“Give me six hours to chop down a tree and I will spend 1st four sharpening the axe” – Abraham Lincoln

We all know the importance of Trading plan and many of us already have a well-defined trading plan. But, why do we fail to follow it? Have you ever thought about it?

This is a quick blogpost elucidating the reasons behind that phenomenon.

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Intraday Options trading – compounding analysis


In the years 2007 & 2008, I was a premium video subscriber of John Carter’s (Author of ‘Mastering the trade’ book) website. I had seen him taking a $10,000 account to $100,000 in 1 year and that was the first time I ever saw someone do compounding in a trading account live. It had a major impact on me as it acted as a great inspiration for me to think beyond what I thought was possible. Many of us think that compounding word does not apply to trading and it is an ‘investing’ term. Far from the truth, ? Any financial account should be exposed to compounding !! » More »

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Backtesting An Idea/System

Backtesting is a topic that always attracts one set of traders and despised by the others 🙂 The topic is pretty vast and this blogpost is just a basic primer on Backtesting. It is gonna be a long one but i believe, it will be worth your time 🙂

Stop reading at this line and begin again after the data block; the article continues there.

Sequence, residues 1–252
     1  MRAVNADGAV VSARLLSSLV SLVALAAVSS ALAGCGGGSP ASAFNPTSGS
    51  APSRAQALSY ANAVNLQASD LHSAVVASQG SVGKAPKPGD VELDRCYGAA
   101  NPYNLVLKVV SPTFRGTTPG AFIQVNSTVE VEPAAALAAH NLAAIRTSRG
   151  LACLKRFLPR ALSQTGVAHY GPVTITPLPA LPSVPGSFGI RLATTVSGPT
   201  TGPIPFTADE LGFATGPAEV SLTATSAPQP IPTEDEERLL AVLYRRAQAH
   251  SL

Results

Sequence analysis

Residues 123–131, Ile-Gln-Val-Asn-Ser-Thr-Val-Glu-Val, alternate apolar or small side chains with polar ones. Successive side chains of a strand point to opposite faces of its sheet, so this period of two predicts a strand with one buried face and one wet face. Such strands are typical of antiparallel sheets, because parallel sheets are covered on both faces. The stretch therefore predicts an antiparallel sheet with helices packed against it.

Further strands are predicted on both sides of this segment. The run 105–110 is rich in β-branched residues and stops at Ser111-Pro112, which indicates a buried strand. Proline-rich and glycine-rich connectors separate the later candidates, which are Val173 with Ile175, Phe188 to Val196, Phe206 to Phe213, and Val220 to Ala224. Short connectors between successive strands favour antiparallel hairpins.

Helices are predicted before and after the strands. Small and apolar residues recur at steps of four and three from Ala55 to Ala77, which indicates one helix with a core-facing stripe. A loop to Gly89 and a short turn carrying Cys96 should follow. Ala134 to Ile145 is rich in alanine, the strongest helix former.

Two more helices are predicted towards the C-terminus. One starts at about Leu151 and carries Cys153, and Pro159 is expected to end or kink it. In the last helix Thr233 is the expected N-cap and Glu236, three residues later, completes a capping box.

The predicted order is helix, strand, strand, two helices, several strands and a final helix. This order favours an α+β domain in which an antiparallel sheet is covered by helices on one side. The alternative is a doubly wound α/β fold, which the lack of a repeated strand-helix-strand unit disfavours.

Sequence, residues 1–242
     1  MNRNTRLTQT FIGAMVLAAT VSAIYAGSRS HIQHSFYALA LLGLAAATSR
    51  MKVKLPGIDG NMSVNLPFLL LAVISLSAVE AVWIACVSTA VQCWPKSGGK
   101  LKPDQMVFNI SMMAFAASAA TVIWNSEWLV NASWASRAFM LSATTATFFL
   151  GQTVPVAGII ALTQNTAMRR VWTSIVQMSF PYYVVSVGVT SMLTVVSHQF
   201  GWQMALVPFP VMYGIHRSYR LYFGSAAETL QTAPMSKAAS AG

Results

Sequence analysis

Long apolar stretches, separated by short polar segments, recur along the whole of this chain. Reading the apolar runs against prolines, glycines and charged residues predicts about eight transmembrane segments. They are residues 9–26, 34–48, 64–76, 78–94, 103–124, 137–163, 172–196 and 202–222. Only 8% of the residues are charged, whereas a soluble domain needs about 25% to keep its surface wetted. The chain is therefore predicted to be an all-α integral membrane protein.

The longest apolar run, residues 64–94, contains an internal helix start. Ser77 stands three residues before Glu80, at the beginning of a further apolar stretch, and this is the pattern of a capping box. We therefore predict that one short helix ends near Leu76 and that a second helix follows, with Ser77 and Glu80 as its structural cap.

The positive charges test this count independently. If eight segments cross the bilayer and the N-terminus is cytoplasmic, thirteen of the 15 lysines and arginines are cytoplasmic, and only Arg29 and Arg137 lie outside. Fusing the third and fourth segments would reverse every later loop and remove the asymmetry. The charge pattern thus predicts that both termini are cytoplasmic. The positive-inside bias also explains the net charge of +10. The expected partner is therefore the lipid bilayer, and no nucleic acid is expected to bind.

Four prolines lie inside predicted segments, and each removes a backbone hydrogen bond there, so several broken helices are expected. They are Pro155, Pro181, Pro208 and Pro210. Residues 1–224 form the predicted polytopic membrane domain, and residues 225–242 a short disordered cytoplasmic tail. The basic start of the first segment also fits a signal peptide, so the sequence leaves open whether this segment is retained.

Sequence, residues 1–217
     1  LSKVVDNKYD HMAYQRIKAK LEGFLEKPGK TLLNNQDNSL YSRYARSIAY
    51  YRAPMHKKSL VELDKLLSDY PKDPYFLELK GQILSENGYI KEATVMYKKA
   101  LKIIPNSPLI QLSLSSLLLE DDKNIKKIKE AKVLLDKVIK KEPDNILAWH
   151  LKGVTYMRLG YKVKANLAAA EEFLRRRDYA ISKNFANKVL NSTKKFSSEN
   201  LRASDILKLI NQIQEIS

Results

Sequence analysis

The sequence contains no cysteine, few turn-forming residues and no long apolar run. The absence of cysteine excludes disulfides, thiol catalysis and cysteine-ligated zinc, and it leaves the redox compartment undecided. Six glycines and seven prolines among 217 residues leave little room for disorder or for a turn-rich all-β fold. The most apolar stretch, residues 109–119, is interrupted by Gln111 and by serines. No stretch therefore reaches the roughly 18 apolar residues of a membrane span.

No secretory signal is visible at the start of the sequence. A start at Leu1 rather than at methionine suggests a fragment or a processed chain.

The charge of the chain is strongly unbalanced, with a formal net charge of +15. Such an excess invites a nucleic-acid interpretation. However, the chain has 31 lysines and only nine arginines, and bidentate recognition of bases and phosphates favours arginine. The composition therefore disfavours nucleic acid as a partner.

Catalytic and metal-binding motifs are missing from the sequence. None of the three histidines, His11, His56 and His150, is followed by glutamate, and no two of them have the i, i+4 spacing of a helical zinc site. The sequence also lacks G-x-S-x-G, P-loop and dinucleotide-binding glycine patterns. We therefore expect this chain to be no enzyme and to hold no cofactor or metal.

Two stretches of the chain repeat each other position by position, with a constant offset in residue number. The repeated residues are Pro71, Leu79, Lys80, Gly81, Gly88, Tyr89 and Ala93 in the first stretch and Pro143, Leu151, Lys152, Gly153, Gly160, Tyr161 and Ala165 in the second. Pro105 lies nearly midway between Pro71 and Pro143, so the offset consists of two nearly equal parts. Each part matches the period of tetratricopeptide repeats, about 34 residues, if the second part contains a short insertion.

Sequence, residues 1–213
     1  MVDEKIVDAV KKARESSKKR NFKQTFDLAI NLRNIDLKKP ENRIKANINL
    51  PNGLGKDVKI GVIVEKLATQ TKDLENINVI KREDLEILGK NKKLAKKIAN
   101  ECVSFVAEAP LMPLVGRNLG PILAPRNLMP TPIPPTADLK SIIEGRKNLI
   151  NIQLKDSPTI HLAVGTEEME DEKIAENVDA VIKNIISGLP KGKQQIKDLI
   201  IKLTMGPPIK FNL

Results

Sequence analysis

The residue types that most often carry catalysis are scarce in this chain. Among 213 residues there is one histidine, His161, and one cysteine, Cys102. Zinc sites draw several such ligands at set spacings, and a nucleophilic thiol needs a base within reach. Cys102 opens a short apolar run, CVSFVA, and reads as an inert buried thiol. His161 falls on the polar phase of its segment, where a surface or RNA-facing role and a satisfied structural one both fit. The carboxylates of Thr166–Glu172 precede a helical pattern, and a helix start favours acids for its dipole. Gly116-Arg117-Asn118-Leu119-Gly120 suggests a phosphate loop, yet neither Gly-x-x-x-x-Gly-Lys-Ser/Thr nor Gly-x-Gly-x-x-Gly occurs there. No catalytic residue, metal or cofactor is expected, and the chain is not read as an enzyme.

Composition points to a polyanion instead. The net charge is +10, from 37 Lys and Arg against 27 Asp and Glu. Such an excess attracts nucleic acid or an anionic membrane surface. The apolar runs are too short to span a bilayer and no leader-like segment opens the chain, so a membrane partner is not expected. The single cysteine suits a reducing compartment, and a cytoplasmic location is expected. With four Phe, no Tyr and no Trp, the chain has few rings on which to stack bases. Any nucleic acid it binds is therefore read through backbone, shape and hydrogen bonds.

Let us etch something in our mind very clearly before getting into details – Discretionary trading methodologies/ideas cannot be backtested. You need a set of rigid entry/exit rules to backtest the idea. There are no 2 ways about it. One can act smart and twist words around it but there is no backtesting for discretionary systems – period.


Backtesting an idea (in trading terms) is to gauge how a set of trading rules performed on historical data. But, many folks who come into trading just do data mining. Data mining simply scans historical dataset for rules that would have worked in the past. We have read this disclaimer various times that ‘past performance does not guarantee future results’ But still, the professed value of backtesting is based on the premise that historical tendencies/patterns repeat.

Backtesting and its efficacy

So, the popular question is if ‘past performance does not guarantee future results, why backtest an idea/system in the first place? One could very well save the time, effort and sleepless nights right?’ This is an argument that has some validity, up to a point. It is definitely true that past performance is not indicative of future results. But does it therefore mean that historical testing has no validity? I don’t think so.

Here is a case in point. Let’s say you want to build a model of the sun rising. Every day for a month, you get up before dawn, and wait for the sun to appear. Every day, it rises in the east. So, you build your model, run it for tomorrow, and it “predicts” that the sun will rise in the east. Will it? Who knows for certain? Some strange axis switching or earth rotation reversing could occur overnight or a cosmic phenomenon might occur (which could be understood only by Late Stephen Hawkings 🙂 ) and the sun could rise in the north, south, or west. Highly unlikely, yes, but so was the financial crisis of 2008, Nifty flash crash in Oct 2012 and the recent coronovirus debacle. Outlier and unexpected events can and do happen.